How Therapy Cats Can Bring Countless Joys to Older Adults.
St Augustine Health Ministries, a nursing home in Cleveland, Ohio, has a very unusual 4-legged occupant, Oreo the cat. Previously a stray cat, Oreo has become a beloved member of the St Augustine family. Her main job is to keep everyone happy. The residents love having her around and enjoy taking photos of her, something which stimulates their creativity, while employees can’t help but smile when they see the black and white feline doing her rounds at the home.
Many of the residents had to leave their beloved pets behind when they moved into the home, one of the challenges facing elderly people who choose to make the transition into a care facility. Oreo the nursing home cat lends a personal touch to the environment, making residents feel more at home. Here are some of the many ways in which having a cat around can improve the quality of life of nursing home residents.
Elderly people often become lonely and depressed and cats are ideal to help them overcome this loneliness by offering independent companionship, affection, entertainment and a sense of responsibility. It’s a known fact that cats can lighten any mood and lend purpose to the lives of anyone who comes into contact with them.
Cats generally require fairly little human care but the care they do require results in much-needed exercise among older people. Even those suffering from arthritis or with other physical limitations can care for cats without too much effort. Caring for a cat may call for new activities and routines that are important for both mental and physical stimulation. Caring for an animal is very rewarding and can be of great benefit to the overall health of the older generation, to the extent where it can help them live longer.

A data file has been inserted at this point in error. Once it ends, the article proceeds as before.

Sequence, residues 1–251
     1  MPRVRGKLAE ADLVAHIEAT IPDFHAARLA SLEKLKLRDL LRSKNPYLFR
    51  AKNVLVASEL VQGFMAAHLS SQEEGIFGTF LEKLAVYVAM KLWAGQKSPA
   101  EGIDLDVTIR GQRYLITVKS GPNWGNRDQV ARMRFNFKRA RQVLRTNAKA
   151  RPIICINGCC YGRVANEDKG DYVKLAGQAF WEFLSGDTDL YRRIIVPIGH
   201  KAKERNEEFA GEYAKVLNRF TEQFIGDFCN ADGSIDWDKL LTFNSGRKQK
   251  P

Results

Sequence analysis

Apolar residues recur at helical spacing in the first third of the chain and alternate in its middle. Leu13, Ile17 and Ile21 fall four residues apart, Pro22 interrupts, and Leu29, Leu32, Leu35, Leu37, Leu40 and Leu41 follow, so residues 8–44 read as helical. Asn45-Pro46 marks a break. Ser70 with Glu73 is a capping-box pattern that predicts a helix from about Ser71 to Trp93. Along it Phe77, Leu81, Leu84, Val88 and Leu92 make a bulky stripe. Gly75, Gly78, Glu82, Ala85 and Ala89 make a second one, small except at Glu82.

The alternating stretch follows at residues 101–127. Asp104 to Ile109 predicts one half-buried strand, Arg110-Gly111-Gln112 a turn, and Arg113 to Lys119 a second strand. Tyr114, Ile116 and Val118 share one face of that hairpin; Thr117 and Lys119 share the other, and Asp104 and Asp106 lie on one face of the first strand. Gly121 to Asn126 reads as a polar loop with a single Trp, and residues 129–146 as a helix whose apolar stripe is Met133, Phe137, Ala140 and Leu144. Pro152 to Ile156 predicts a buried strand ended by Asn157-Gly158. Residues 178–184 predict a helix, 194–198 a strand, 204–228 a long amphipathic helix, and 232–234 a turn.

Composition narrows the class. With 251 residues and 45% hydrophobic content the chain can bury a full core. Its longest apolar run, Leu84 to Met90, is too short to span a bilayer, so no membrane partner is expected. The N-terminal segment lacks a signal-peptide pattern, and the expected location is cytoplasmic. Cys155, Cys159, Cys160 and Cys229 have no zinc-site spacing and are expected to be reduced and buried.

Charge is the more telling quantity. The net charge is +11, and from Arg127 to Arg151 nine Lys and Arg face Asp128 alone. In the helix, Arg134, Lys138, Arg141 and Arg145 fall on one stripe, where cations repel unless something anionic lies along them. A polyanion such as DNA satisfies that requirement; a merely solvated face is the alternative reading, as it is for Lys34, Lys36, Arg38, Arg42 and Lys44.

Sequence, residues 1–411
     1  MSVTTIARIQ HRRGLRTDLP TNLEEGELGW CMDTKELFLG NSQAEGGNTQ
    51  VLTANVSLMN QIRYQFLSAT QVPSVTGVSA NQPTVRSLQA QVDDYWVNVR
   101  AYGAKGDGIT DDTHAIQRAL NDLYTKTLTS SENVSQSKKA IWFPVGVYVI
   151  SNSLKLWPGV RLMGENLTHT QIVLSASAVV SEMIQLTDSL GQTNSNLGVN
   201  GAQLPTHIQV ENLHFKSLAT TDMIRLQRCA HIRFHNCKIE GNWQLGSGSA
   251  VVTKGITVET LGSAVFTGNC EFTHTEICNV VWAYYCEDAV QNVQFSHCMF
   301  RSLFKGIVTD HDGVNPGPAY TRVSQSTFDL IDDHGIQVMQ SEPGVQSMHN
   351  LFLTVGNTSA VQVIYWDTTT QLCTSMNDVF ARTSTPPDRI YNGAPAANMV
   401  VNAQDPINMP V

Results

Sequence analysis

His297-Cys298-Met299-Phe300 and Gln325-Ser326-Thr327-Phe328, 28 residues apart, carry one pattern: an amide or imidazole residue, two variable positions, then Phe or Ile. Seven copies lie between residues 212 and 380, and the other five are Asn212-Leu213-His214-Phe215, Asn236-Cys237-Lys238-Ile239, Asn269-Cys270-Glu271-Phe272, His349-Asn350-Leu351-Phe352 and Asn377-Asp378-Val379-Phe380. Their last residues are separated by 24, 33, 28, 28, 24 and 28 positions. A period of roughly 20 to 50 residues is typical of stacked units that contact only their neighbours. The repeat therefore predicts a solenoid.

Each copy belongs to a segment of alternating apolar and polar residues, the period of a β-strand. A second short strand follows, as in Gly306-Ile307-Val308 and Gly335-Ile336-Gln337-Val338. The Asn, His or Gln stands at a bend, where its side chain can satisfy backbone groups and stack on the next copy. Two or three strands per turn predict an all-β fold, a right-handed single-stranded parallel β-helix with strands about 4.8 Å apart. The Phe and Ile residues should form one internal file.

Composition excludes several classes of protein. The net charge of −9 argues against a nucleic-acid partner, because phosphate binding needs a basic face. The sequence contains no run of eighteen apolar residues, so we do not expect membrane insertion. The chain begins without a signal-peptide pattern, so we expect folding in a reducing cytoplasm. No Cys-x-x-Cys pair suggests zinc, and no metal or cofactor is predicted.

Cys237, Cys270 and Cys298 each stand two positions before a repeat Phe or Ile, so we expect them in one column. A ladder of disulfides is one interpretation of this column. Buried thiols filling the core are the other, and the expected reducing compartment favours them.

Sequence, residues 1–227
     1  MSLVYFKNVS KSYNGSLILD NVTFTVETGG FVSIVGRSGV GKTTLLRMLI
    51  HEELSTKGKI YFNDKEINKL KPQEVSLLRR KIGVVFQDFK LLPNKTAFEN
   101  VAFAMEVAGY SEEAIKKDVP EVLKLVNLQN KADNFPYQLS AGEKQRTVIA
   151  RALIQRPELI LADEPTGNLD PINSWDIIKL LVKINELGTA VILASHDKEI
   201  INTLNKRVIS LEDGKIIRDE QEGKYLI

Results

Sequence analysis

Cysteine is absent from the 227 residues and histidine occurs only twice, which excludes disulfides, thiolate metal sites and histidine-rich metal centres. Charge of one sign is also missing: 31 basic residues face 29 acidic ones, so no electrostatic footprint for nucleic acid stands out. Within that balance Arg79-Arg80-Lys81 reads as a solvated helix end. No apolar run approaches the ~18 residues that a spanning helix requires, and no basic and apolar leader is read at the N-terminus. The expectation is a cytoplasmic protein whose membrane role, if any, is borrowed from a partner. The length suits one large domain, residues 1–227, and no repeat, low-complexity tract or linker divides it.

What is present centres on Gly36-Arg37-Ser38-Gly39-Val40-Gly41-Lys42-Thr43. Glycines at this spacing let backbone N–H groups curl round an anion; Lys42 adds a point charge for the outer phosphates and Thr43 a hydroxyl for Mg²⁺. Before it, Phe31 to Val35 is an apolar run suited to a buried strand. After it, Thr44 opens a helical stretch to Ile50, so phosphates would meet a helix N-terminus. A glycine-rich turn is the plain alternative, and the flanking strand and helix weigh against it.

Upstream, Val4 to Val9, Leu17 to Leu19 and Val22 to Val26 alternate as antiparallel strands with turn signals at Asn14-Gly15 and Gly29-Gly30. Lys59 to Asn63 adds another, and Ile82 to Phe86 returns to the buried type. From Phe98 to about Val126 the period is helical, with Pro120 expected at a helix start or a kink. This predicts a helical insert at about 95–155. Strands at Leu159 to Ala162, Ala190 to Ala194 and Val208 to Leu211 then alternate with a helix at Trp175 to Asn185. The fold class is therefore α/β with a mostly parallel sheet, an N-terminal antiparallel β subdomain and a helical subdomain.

Why cats and not dogs?
- Dogs also make for great pets but they require a lot more general care, training and exercise than cats do, things that elderly people are simply not always up to. Cats are definitely a more suitable pet option for a nursing home environment for the following reasons:
- Cats are generally more than happy to remain indoors for most part, unlike dogs.
- Cats require approximately 20 minutes of playtime a day which does not necessitate the owner being mobile. Cats are more than capable of entertaining themselves with the help of kitty-friendly toys such as a ball of yarn or a wind-up mouse.
- Cats enjoy sleeping on a human’s lap or bed and don’t require a special bed like most dogs prefer.
Pet ownership brings a great deal of joy to the elderly and should be encouraged when viable. The benefits, both emotional and physical, speak for themselves and in terms of companionship now one will be more loving and loyal than a much-cherished pet.
Many thanks to Lucy Wyndham for sharing this story.